There's not been much that was worth my writing about at WUWT lately. There hasn't been too much mocking of science - or no more than usual. And I haven't seen any Russian Steampipes or OMG it's insects rubbish this past few days either. There is a greed article (archived here) - strenuously objecting to helping less developed and poverty-stricken countries deal with climate change. Par for the denier course. As the headline suggests, when it comes to deniers it's "all about money".
Anthony Watts wrote two articles about why Steve Goddard was wrong when he claimed the US temperature data has been "fabricated" (archived here and here), which elicited some compliments but more protests. (During this Anthony's still promising to show why he thinks the US temperature record is all wrong. Part of his general protest at his previous paper on the subject which proved there was not much wrong at all with the US temperature record. He's still trying apparently without success so far.)
Which brings me to another thing I noticed, though not from anyone at WUWT, despite their apparent interest in the topic. While science deniers are busy denying the science, real scientists continue to do science. Victor Venema has a couple of articles about an initiative relating to a worldwide temperature record. The most recent article is here. The paper looks interesting and is available for comment, if you are an expert in homogenisation algorithms. The paper is called: Concepts for benchmarking of homogenisation algorithm performance on the global scale and you can read it here.
The work was an international collaboration, involving 19 scientists from the UK, USA, Australia, Switzerland, Canada, Germany, Italy, Spain and Norway. No-one from Asia or Africa. You'll probably recognise some of the names.
The abstract describes it rather nicely (my paras):
The International Surface Temperature Initiative (ISTI) is striving towards substantively improving our ability to robustly understand historical land surface air temperature change at all scales. A key recently completed first step has been collating all available records into a comprehensive open access, traceable and version-controlled databank. The crucial next step is to maximise the value of the collated data through a robust international framework of benchmarking and assessment for product intercomparison and uncertainty estimation.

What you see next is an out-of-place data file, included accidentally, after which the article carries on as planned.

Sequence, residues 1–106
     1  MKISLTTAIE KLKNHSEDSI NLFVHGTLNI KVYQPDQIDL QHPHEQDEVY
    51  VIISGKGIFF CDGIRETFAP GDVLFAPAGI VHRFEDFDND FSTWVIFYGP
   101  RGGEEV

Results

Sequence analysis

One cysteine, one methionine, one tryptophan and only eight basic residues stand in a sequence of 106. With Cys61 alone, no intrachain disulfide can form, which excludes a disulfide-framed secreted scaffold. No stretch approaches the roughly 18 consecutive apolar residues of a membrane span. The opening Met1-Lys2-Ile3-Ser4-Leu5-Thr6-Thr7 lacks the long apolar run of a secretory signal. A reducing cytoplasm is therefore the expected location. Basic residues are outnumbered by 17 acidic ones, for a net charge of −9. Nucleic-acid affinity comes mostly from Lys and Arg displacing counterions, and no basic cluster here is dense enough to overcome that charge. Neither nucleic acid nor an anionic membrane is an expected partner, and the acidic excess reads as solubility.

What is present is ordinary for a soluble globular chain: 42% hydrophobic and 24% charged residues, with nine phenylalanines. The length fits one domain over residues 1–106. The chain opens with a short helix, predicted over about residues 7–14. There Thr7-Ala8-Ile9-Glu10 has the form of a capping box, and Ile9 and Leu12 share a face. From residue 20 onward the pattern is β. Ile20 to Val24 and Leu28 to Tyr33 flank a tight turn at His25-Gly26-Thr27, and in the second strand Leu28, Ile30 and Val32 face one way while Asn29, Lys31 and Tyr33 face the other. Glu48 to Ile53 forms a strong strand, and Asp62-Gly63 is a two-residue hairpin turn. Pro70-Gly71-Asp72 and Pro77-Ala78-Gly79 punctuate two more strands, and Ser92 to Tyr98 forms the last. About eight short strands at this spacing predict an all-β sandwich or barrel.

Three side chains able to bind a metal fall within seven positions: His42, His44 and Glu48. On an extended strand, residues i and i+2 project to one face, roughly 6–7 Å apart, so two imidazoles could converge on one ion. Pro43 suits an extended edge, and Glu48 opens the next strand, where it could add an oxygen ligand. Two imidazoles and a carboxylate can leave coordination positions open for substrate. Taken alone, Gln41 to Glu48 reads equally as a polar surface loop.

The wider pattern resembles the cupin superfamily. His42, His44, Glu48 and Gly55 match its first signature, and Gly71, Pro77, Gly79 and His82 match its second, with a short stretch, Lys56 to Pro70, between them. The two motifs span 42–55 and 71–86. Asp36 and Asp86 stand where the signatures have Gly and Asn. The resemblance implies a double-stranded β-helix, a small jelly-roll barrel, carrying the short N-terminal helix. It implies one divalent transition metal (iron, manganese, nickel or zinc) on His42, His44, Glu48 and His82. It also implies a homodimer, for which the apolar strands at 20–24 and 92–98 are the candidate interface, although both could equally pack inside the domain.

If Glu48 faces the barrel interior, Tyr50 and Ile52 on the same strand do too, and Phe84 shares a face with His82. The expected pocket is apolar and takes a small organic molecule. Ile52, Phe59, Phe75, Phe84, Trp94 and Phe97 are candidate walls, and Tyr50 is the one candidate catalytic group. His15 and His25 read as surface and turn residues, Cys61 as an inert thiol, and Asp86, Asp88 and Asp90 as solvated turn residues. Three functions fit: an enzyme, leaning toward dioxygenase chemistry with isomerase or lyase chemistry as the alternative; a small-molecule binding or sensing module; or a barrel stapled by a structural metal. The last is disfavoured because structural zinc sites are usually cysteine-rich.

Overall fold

We focus on uncertainties arising from the presence of inhomogeneities in monthly surface temperature data and the varied methodological choices made by various groups in building homogeneous temperature products. The central facet of the benchmarking process is the creation of global scale synthetic analogs to the real-world database where both the "true" series and inhomogeneities are known (a luxury the real world data do not afford us). Hence algorithmic strengths and weaknesses can be meaningfully quantified and conditional inferences made about the real-world climate system.
Here we discuss the necessary framework for developing an international homogenisation benchmarking system on the global scale for monthly mean temperatures. The value of this framework is critically dependent upon the number of groups taking part and so we strongly advocate involvement in the benchmarking exercise from as many data analyst groups as possible to make the best use of this substantial effort.
There's a comment by Blair Trewin from the Australian Bureau of Meteorology, who says the paper is sound and adds some suggestions.
If you're interested in records of global surface temperatures, this effort might be worth watching.
Update(10:42 am 27 June 14)
I was half an hour early. Victor has just tweeted me his latest article, in which he writes:
In our benchmarking paper we generated a dataset that mimicked real temperature or precipitation data. To this data we added non-climatic changes (inhomogeneities). We requested the climatologists to homogenize this data, to remove the inhomogeneities we had inserted. How good the homogenization algorithms are can be seen by comparing the homogenized data to the original homogeneous data. ...
...The main conclusions were that homogenization improves the homogeneity of temperature data. Precipitation is more difficult and only the best algorithms were able to improve it. We found that modern methods improved the quality of temperature data about twice as much as traditional methods. It is thus important that people switch to one of these modern methods. My impression from the recent Homogenisation seminar and the upcoming European Meteorological Society (EMS) meeting is that this seems to be happening.
Go to Victor's blog to read more and, as a bonus, you can see a photo of the fat cat scientists, living in their towers made from elephant tusks :)